Psychology researchers find that dopamine genes could shine a light on early communication
University of Miami College of Arts & Sciences psychology researchers are searching for early markers of autism spectrum disorder (ASD). Previously, UM researchers published a study predicting ASD symptoms from children's behavior in the first year of life. Infants who demonstrated less initiating joint attention, using eye contact to share an experience with another person, tended to have higher levels of autism symptoms at age three.
Recently, UM researchers published another study in the journal Autism Research examining associations between specific dopamine genes and initiating joint attention in high-risk siblings, children who have an older brother or sister with autism spectrum disorder.
Devon Gangi, who received her Ph.D. working with UM College of Arts & Sciences Psychology Professor Dr. Daniel Messinger, is a co-author of the study and now a postdoctoral fellow at the MIND Institute at the University of California, Davis. She explains, "Joint attention is especially relevant for the development of children with autism and high-risk siblings."
The researchers studied two groups of children - high-risk and low-risk - from infancy until they turned three years old. Joint attention behavior was observed during interactions with an examiner in the first year of life, and genotypes were collected for two dopamine genes, DRD4 and DRD2. Gangi explains, "Early levels of initiating joint attention have been linked to later levels of ASD symptoms in high-risk siblings. So we examined whether these dopamine genes might help explain differences in early levels of initiating joint attention."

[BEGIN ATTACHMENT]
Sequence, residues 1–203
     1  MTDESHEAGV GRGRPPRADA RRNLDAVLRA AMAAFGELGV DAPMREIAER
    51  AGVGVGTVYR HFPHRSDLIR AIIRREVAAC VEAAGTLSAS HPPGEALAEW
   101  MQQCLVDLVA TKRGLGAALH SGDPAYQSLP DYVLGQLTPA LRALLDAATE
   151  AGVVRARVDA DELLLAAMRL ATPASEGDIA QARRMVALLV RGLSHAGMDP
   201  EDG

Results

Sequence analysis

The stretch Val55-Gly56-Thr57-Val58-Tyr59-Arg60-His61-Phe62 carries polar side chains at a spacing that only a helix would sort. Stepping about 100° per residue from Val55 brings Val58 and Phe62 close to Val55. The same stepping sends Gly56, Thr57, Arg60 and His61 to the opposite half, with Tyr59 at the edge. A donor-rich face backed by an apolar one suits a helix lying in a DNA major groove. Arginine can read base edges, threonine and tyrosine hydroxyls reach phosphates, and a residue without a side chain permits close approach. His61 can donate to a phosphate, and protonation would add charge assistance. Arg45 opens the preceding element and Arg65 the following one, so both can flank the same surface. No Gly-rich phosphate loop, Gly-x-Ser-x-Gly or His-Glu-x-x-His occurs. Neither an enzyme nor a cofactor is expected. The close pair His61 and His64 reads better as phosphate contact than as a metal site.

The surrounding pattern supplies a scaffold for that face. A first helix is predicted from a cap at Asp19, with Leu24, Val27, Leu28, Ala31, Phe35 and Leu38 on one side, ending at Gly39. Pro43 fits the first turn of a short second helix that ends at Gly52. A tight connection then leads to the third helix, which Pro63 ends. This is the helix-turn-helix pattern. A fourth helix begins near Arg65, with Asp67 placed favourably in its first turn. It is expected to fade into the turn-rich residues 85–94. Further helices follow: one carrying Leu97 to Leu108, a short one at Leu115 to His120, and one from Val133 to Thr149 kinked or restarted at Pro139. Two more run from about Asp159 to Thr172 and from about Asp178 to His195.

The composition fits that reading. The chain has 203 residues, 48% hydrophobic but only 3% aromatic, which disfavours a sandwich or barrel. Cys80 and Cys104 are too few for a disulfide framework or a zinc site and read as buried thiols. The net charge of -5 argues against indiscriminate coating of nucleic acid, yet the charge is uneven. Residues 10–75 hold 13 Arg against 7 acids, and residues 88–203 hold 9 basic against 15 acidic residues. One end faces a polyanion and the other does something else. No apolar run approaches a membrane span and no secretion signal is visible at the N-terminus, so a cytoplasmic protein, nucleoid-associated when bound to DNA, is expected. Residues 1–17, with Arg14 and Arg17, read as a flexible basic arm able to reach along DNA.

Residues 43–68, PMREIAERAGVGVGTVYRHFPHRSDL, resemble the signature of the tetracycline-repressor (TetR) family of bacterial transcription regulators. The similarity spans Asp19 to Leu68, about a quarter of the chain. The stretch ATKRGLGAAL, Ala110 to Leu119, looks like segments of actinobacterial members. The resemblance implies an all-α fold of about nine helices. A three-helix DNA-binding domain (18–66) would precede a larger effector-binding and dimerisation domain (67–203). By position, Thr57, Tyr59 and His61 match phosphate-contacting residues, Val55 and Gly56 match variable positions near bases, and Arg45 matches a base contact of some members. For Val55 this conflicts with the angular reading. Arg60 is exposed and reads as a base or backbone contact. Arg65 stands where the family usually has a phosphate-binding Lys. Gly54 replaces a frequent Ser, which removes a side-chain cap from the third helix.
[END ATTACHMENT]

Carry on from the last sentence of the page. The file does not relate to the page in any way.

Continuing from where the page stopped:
Researchers studied these particular genes because they are linked to attention. "We are interested in dopamine because we know it is associated with attention in all kids, and attention is especially important for kids with autism. Attention to others is about connecting with another person, and that can be difficult for kids with autism spectrum disorder," said Dr. Messinger.
The findings show that in high-risk siblings, children with more genotypes linked to less efficient functioning of the dopamine system displayed lower levels of initiating joint attention.
"Finding links between genotypes and behaviors that are especially important for the development of children at risk for autism, such as initiating joint attention, may help us to understand identify high-risk children who are at the greatest risk for difficulties in particular behavioral domains even before they show delays or difficulties," said Gangi.
The study is entitled, "Dopaminergic Variants in Siblings at High Risk for Autism: Associations with Initiating Joint Attention."